"The migrants were in a 35-foot craft with multiple engines moving at an extremely high rate of speed," Coast Guard Petty Officer Robert Simpson said. "We were chasing them in 25-foot Coast Guard small boats that move in excess of 40 knots, and their craft was moving in excess of 40 knots, as well."

Maybe we'll get Aquaman to build a fence, too!

Finally, the Story of Charlie Crist and Marco Rubio. Will he become an independent. Is that his only option? Will says he can lose honorably in the primary, and live to fight another day, but he seems bent on committing "hara-kiri." Krugman and Tucker note that it's just one more step in the march against moderate Republicans. Glick points out that it's a race that emphasizes the wedge issue of the stimulus package and a place where the Tea Party candidates are having an opportunity to affect a race.

OK, so: as you know, next week, MEET THE PRESS is going to embark upon the most significant journalistic innovation in the show's history: new furniture. Soon, the comfort that powerful political operatives and the penniless pundits of America will enjoy will be, at last, at a level of opulence befitting their station. And I hope MEET THE PRESS goes all out. I want to see chairs that offer deep tissue massages. I want to see steel cages, where bondage performers play out scenes of middle-class angst for the delight of David Brooks. I believe that every single utterance of a DLC talking point should earn the utterer a tab of Ecstasy. NOTHING BUT COMPLETE AND UTTER EROTIC FULFILLMENT WILL SUFFICE! If guests are not treated as Friskies led kittehs, upon a ship of tuna, guided along by cartoon turkeys to the Ancient Pleasuredomes of Cat Food Bliss, their every sensual need tended to with loving care, then clearly, journalism has no real future, and we should just all strip to our skivvies and wander as madmen through the woods, clawing at nuts and grubs, communing with the woodland creatures evermore in the hopes the Nature herself shall redeem our existence.

But that's next week. By God I cannot bear to look upon the current set of MEET THE PRESS, it's threadbare accoutrements mocking the human drive for excellence. SUFFER NOT MINE ORBS TO WITNESS SUCH A BASE ENVIRONMENT.

Instead, we're going to look at a show that we haven't watched in ages. A place where time has stood still. A place where comfort is of concern to no one. A place where nobody learns anything, and nobody hugs, and the milk of the cup of human kindness is drunk by none. A place of which the great American Stateman and Hero, Andrew WK, once said that "death will come, on little cat's feet."


Yes, we are doing this, for some reason!

Oh, boy! Time to bathe in the crapulence! ISSUE ONE, bellows Mr. McLaughlin, shall be financial regulatory reform. Barack was straight up blowing up Wall Street this week! Not that Wall Street gave much of a damn! But, okay: the ingredients: BAILOUTS, VOLCKER RULE, TRANSPARENCY, CONSUMER PROTECTION, and EXECUTIVE PAY. How will the panel feel about this terrible cockblocking of Goldman Sachs, etc.? And their BAD DERIVATIVES? Because Goldman feels they have been unfairly fingered. (For fair fingering, see next week's MEET THE PRESS.)

And what about Goldman being Barack Obama's second-best pal, in terms of campaign contributions. Obama says that he never promised them a Rose Garden, for sure! PAY NO ATTENTION TO THE PEOPLE WHO WERE APPOINTED TO IMPORTANT POSITIONS.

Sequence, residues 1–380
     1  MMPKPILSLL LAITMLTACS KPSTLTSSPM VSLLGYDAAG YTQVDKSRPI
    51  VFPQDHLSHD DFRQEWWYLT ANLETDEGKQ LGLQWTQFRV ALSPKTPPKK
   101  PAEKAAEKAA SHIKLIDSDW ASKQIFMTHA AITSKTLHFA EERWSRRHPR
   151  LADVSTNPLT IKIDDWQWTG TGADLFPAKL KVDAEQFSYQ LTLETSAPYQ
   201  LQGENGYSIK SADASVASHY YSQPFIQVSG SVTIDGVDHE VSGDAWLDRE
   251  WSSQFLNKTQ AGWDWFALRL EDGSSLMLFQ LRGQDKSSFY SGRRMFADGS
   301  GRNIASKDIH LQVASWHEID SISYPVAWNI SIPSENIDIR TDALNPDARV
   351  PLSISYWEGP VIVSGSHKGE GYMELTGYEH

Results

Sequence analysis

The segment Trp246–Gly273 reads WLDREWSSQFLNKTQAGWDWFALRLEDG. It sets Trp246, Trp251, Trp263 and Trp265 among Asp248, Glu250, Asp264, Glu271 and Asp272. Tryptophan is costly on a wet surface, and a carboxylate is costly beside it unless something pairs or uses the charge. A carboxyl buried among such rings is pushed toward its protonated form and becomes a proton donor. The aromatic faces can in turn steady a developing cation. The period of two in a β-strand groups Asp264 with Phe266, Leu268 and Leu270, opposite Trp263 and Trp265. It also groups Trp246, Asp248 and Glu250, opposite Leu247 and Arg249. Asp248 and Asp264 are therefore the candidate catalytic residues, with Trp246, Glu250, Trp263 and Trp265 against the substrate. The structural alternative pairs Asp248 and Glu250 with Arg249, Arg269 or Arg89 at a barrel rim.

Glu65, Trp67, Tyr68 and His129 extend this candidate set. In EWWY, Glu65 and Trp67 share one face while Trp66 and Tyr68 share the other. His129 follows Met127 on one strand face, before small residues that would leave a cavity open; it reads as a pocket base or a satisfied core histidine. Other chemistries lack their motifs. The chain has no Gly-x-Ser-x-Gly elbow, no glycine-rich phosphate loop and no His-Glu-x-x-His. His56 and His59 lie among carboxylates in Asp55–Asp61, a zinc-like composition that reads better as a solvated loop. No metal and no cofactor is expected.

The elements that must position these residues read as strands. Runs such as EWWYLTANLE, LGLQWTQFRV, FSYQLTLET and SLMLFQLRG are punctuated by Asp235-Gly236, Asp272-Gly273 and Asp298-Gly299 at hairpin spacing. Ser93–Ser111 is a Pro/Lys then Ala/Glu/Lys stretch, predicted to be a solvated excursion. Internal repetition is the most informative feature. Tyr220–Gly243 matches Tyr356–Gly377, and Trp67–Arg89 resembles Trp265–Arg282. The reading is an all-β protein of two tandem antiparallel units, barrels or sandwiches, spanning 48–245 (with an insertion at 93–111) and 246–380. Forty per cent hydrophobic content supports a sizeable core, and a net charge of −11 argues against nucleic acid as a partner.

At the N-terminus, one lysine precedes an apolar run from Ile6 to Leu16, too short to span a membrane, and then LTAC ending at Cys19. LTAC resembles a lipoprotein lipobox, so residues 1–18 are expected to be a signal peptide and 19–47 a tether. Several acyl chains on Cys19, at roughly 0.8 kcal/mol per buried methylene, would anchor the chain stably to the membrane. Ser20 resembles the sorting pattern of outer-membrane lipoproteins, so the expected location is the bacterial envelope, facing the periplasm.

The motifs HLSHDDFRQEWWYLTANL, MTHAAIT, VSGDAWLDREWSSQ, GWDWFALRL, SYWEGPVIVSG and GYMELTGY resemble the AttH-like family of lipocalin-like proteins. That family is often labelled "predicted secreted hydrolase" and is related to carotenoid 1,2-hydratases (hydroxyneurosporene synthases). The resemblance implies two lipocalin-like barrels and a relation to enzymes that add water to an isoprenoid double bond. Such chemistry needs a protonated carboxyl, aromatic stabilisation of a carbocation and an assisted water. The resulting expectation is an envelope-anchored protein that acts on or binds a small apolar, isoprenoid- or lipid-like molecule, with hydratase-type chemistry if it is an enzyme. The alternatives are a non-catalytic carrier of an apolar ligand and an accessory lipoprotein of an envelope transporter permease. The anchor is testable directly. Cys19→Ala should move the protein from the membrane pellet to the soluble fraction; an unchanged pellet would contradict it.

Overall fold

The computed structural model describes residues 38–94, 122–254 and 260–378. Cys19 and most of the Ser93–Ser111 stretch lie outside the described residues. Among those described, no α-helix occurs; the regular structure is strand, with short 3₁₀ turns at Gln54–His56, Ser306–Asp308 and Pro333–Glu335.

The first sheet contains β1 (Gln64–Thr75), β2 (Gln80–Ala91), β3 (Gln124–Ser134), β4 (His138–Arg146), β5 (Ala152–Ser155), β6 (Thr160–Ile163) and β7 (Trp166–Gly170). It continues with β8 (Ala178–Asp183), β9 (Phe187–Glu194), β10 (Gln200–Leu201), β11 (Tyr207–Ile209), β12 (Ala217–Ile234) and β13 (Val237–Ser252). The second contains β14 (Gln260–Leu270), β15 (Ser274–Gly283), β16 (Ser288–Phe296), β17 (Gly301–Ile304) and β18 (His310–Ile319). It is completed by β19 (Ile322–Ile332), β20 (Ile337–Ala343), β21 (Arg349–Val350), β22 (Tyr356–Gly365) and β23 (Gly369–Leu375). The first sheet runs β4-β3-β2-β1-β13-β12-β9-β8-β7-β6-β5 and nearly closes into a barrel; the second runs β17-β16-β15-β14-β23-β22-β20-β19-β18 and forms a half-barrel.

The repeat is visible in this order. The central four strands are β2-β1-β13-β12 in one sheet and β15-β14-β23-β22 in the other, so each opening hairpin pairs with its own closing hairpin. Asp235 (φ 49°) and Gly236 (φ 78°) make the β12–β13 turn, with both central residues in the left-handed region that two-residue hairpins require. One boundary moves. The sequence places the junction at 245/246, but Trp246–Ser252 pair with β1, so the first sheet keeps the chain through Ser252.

"Is Goldman Sachs getting a bum rap," asks McLaughlin. Pat Buchanan says that "they had it coming!" Goldman's straight up planting time bombs! Suck it, Lloyd Blankfein! "In China, these people would be put up against the wall for economic crimes." OH YES, THIS IS THE SWEET SWEET NECTAR OF LETTING IT ALL DANGLE PRECIPTITOUSLY!

Eleanor Clift says she wants to align herself with all of that except for the whole Chinese firing squad stuff he was fapping himself to. "It's like rigging the World Series." I assume she means the sort of "rigging" that excludes the Pittsburgh Pirates and other small-market teams not being able to contend for one.

Monical Crowley comes to Goldman's defense. "The last time I checked, in this country you are innocent until proven guilty." That's a sentiment that was in short supply when Crowley was taking up the topic of Justice Department lawyers, ha ha, but whatever, Monica, you just groove on that, why not.

She is astonished that anyone would "assume the worst about Goldman Sachs!" Also: Fannie Mae and Freddie Mac and the Fed are the real enemies, here. But Mort Zuckerman's gonna sort all this out for everyone. GOD LOOK AT THAT TERRIBLE COFFEE TABLE FROM THE SEVENTIES IN THE MIDDLE OF THE ROOM. Anyway, Zuckerman says that the buyers knew and that Clift's condemnation was wrong wrong wrong.

Buchanan insists that Goldman is a bunch of "big hustlers" that are "totally arrogant." Zuckerman says, whatever, they are successful! LEAVE BRITNEY ALONE!

Clift says that she is "not for destroying Goldman, just punishing them." Crowley insists that the government is to blame, here, so LEAVE BRITNEY ALONE EVEN HARDER!

YAY! About a solid minute of nothing but yelling!

Buchanan is going nuts! "What is the social benefit," he asks, of these practices. Zuckerman jumps on with the Fannie/Freddie backing! And more yelling! Clift says that Fannie/Freddie just rode the bandwagon "that the private equity firms" started. More yelling! Clift says that the Republican base is especially outraged by this.